The purpose of this report is to provide an overview of the major developments in the information technology (IT) industry in Colombia. The report also makes special reference to certain business areas such as software sales, IT services, and Internet based services. These sectors have seen particularly high growth in recent years, with companies continually investing in new technologies and offering new services to clients.
The IT industry in general in Colombia has enjoyed rapid growth in recent years on the back of new technologies and value added services. Despite the economic downturn suffered in 2009, which affected developed economies and emerging markets such as Colombia, the IT sector has not suffered as much as other sectors of the economy. While GDP growth for the Colombian economy declined from 7.5% in 2007 to 2.5% in 2008, and 0.4% in 2009, the IT sector, maintained a healthy growth rate of 7.5 percent in 2009 (according to a report by Fedesoft), and is expected to present growth of 3.5% in 2010.
Overall investment in Information Technology and Communications (ICT) is expected to reach US$10,870.6 million in 2010, slightly up from US$10,521.7 million in 2009. It is estimated that this figure will reach US$11,119 million dollars in 2011.
In general, in recent years, the market has been moving towards increased competition and increased efficiency, which has resulted in price reductions to consumers. Indeed, the key to remaining competitive in this market is continual investment in infrastructure, new technologies and improved services.According to the World Economic Forum report on ICT, Colombia ranks above the world average in the connectivity index.
Colombia represents the third largest IT market in South America. The size of the IT sector (computers, software, components, and related services) in Colombia is estimated at USD $2,468 million, representing a small proportion of the global economy (currently less than 0.5% of GDP), but it is a sector which has been growing well above GDP rates in recent years.
Local production in the IT sector consists basically of computer hardware assembly and repair. Local computer assembly companies include: Compumax, Sure Computers, and PC Smart. Another company QBEX, which although it has its main office in Miami, actually does all its product assembly in a production facility located in a Free Trade Zone in Bogota, and from this site processes all its sales orders and makes shipment to different markets in Latin America.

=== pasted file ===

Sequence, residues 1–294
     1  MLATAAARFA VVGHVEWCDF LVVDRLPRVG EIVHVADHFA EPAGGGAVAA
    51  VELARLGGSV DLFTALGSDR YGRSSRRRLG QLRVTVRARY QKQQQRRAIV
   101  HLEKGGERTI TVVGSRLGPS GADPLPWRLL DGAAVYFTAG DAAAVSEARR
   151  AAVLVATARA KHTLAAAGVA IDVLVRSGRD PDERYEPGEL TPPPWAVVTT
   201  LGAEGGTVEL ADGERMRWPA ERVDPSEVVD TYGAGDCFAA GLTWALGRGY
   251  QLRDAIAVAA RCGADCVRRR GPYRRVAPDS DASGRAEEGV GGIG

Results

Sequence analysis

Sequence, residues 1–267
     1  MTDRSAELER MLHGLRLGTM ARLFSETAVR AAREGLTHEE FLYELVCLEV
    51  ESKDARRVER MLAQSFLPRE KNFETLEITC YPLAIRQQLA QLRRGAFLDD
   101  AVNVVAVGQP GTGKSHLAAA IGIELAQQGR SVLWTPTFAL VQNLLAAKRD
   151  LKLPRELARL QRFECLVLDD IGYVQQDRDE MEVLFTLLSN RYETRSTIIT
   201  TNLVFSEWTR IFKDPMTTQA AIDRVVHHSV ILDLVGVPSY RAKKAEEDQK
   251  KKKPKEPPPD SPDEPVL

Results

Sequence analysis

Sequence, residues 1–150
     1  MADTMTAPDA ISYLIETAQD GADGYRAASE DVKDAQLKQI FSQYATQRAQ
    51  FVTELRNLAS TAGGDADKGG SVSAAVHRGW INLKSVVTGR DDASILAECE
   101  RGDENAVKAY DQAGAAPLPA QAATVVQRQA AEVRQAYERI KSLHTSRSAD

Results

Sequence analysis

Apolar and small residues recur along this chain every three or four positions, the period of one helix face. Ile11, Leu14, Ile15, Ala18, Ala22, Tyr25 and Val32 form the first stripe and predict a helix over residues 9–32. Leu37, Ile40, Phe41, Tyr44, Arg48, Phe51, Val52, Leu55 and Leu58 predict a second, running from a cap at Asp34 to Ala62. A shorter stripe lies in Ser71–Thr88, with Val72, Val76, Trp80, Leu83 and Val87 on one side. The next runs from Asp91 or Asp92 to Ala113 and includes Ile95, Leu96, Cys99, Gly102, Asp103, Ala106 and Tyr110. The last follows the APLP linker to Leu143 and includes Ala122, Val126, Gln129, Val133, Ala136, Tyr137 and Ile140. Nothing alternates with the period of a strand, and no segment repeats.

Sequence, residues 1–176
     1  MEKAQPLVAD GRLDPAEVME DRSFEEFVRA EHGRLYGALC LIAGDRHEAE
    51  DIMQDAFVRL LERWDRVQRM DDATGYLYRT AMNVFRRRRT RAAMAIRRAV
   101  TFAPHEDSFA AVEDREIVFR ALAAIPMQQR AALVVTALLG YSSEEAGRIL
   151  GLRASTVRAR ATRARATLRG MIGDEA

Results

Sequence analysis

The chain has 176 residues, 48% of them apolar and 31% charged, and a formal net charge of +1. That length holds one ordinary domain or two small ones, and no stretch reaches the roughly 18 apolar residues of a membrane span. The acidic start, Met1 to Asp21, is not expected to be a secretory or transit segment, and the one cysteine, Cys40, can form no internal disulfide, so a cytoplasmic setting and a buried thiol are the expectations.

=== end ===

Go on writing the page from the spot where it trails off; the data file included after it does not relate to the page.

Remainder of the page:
There is also a growing software development industry in Colombia, and IT related services have grown significantly over the past two decades. These developments have helped the IT DE sector in Colombia become the second largest in Latin America, in proportion to GDP.
There are approximately 3,000 companies operating in the sector (mostly retailers, distributors, value added resellers and systems integrators), employing more than 32,000 people and generating
around USD $158 million in taxes. According to BMI, Colombian IT spending is projected to grow at 13% over the 2010-2014 period and per capita IT spending is projected to rise by 43% from US$48 in 2010 to US$74 by 2014. The retail PC market surged in 2010, with sales of computers up 34.6% in June 2010, based on data from Colombia's statistics bureau, compared with the same period of the previous year.
Regulatory measures can often drive production, investment and sales in the IT sector. In Colombia, the Government has declared the IT sector as a focus for policy initiatives and incentives. For example the Government has put incentives for the purchase of PCs by
excluding VAT on products whose value is less than US$1,000.
The IT services market is estimated at around US$500,000 million, and revenues are expected to double in five years. Seventy-five percent of the demand for services is accounted for by large companies. In the last two years, there has been a trend towards bigger managed
services and outsourcing deals, mainly in utilities, telecom and financial services. For SAP and Oracle, Colombia ranks as the 3rd largest market in the region after Brazil & Mexico. SAP is currently the leader for IT consulting services.
A notable trend in recent years is the formation of companies to cater specifically to the needs of companies or institutions with customized software and network solutions. For the supply of software, U.S. companies now have to compete not only with foreign competitors, but also with local software developers. Revenue for the software industry is estimated at US$885 million in 2009, and software sales are estimated to have been $452 million in the same year. However,
according to BSA, counterfeit products account for 55% of the market.
A weakness in this sector is in the size of firms, 92 percent of companies are small, seven percent are medium, and only one percent are large. However, this key weakness in local companies may represent an opportunity for foreign multinationals. The latter are better positioned in order to win government contracts and technology related business. These multinationals are better able to provide support and servicing for technology related services. In terms of employment, in 2009, 16,000 jobs were directly related to the IT industry while 18,100 jobs were indirectly related.